5. Create an edge in T2 between two vertices if their corresponding faces in G share an edge in G that is not in T1. (Note that T2 is a tree.)
  6. For each leaf v in T2 (that is not also the root):
    1. Let e be the lone edge of G in the face corresponding to v that does not yet have an orientation.
    2. Give e an orientation such that the number of edges oriented clock-wise is odd.
    3. Remove v from T2.
  7. Return the absolute value of the Pfaffian of the (1, −1, 0)-adjacency matrix of G, which is the square root of the determinant.


The sum of weighted perfect matchings can also be computed by using the Tutte matrix for the adjacency matrix in the last step.

Kuratowski's theorem states that

a finite graph is planar if and only if it contains no subgraph homeomorphic to K5 (complete graph on five vertices) or K3,3 (complete bipartite graph on two partitions of size three).

Vijay Vazirani generalized the FKT algorithm to graphs that do not contain a subgraph homeomorphic to K3,3.[11] Since counting the number of perfect matchings in a general graph is #P-complete, some restriction on the input graph is required unless FP, the function version of P, is equal to #P. Counting matchings, which is known as the Hosoya index, is also #P-complete even for planar graphs.[12]


The FKT algorithm has seen extensive use in holographic algorithms on planar graphs via matchgates.[3] For example, consider the planar version of the ice model mentioned above, which has the technical name #PL-3-NAE-SAT (where NAE stands for "not all equal"). Valiant found a polynomial time algorithm for this problem which uses matchgates.[13]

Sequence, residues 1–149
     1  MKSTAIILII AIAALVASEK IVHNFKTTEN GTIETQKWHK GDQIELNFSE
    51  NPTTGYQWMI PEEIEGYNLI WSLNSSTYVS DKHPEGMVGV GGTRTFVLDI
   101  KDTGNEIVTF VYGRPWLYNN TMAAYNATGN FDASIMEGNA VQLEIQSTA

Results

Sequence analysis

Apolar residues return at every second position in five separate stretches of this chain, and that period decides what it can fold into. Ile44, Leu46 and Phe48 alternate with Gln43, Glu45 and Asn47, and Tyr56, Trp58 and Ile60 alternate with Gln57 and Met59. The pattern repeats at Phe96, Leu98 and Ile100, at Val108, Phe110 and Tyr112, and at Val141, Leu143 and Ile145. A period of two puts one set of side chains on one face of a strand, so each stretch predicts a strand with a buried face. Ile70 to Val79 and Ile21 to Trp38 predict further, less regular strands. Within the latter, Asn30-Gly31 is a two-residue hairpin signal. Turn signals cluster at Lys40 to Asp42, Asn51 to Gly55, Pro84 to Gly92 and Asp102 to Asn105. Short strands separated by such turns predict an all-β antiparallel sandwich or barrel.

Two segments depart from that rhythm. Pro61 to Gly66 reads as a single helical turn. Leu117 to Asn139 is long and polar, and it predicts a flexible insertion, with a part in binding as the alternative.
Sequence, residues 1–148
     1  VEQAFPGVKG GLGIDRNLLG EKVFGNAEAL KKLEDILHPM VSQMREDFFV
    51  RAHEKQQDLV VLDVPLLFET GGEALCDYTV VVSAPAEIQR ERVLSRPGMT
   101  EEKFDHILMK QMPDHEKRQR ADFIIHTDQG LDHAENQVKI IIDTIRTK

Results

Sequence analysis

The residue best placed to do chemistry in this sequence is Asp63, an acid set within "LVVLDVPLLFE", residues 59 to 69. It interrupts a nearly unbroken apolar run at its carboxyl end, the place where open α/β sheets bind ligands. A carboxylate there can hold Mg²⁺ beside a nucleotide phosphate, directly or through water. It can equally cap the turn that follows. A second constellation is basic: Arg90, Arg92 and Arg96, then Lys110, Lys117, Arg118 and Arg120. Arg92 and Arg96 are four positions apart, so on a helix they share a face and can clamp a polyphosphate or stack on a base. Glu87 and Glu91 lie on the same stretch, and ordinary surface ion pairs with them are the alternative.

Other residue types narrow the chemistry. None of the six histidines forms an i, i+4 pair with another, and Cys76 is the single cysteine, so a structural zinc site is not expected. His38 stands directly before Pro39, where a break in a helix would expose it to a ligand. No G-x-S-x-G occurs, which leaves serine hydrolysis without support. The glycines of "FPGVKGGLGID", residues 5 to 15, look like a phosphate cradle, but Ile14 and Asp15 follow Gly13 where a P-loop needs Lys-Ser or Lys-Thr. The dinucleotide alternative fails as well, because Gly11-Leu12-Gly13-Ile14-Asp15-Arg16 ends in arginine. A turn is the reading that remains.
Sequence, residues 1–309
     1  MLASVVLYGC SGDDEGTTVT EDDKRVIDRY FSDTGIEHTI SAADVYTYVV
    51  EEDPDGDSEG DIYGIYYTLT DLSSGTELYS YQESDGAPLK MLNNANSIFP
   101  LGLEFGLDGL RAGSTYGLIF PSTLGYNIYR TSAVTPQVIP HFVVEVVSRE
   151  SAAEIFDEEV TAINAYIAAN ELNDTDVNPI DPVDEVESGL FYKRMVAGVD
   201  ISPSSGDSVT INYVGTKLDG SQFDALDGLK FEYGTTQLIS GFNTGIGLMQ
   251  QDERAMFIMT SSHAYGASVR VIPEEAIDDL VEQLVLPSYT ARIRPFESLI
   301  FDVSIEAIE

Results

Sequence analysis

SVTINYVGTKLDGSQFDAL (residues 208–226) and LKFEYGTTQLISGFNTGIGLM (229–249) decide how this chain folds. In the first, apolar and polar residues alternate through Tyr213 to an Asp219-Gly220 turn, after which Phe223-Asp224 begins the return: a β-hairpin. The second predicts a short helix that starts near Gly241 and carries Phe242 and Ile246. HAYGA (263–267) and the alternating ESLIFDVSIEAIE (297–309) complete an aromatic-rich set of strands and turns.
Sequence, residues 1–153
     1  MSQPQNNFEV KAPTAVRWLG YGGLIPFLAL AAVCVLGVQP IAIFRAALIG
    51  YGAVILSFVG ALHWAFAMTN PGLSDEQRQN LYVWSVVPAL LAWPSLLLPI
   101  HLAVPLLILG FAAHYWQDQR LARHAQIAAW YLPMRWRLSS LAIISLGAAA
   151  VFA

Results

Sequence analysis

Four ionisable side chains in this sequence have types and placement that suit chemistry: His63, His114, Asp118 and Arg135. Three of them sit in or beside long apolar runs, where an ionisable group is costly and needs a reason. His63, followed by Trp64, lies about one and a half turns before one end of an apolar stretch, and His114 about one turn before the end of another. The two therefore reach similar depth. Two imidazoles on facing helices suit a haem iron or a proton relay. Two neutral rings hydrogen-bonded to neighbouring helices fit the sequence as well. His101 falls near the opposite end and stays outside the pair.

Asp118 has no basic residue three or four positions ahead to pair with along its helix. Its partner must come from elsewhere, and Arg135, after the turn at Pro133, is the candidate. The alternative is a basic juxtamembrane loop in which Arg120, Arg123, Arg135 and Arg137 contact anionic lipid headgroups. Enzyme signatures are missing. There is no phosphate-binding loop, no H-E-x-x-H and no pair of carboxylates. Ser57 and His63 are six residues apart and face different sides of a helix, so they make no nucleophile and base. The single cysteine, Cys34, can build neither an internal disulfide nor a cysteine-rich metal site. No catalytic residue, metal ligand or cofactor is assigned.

1. ^ Hayes, Brian (January–February 2008), "Accidental Algorithms", American Scientist
  2. ^ Baxter, R. J. (2008) [1982]. Exactly Solved Models in Statistical Mechanics (Third ed.). Dover Publications. p. 11. ISBN 978-0-486-46271-4.
  3. ^ a b Cai, Jin-Yi; Lu, Pinyan; Xia, Mingji (2010). Holographic Algorithms with Matchgates Capture Precisely Tractable Planar #CSP. Foundations of Computer Science (FOCS), 2010 51st Annual IEEE Symposium on. Las Vegas, NV, USA: IEEE. arXiv:1008.0683. Bibcode:2010arXiv1008.0683C.
  4. ^ Kenyon, Richard; Okounkov, Andrei (2005). "What is a Dimer?" (PDF). AMS. 52 (3): 342–343.
  5. ^ Kasteleyn, P. W. (1961), "The statistics of dimers on a lattice. I. The number of dimer arrangements on a quadratic lattice", Physica, 27 (12): 1209–1225, Bibcode:1961Phy....27.1209K, doi:10.1016/0031-8914(61)90063-5
  6. ^ Temperley, H. N. V.; Fisher, Michael E. (1961). "Dimer problem in statistical mechanics-an exact result". Philosophical Magazine. 6 (68): 1061–1063. doi:10.1080/14786436108243366.
  7. ^ Kasteleyn, P. W. (1963). "Dimer Statistics and Phase Transitions". Journal of Mathematical Physics. 4 (2): 287–293. Bibcode:1963JMP.....4..287K. doi:10.1063/1.1703953.
  8. ^ Kasteleyn, P. W. (1967), "Graph theory and crystal physics", in Harary, F., Graph Theory and Theoretical Physics, New York: Academic Press, pp. 43–110
  9. ^ Thomas, Robin (2006). A survey of Pfaffian orientations of graphs (PDF). International Congress of Mathematicians. III. Zurich: European Mathematical Society. pp. 963–984.
  10. ^ Cayley, Arthur (1847). "Sur les determinants gauches" [On skew determinants]. Crelle's Journal. 38: 93–96.
  11. ^ Vazirani, Vijay V. (1989). "NC algorithms for computing the number of perfect matchings in K3,3-free graphs and related problems". Information and Computation. 80 (2): 152–164. doi:10.1016/0890-5401(89)90017-5. ISSN 0890-5401.
  12. ^ Jerrum, Mark (1987), "Two-dimensional monomer-dimer systems are computationally intractable", Journal of Statistical Physics, 48 (1): 121–134, Bibcode:1987JSP....48..121J, doi:10.1007/BF01010403.
  13. ^ Valiant, Leslie G. (2004). "Holographic Algorithms (Extended Abstract)". Proceedings of the 45th Annual IEEE Symposium on Foundations of Computer Science. FOCS'04. Rome, Italy: IEEE Computer Society. pp. 306–315. doi:10.1109/FOCS.2004.34. ISBN 0-7695-2228-9.

External links[edit]

  • More history, information, and examples can be found in chapter 2 and section 5.3.2 of Dmitry Kamenetsky's PhD thesis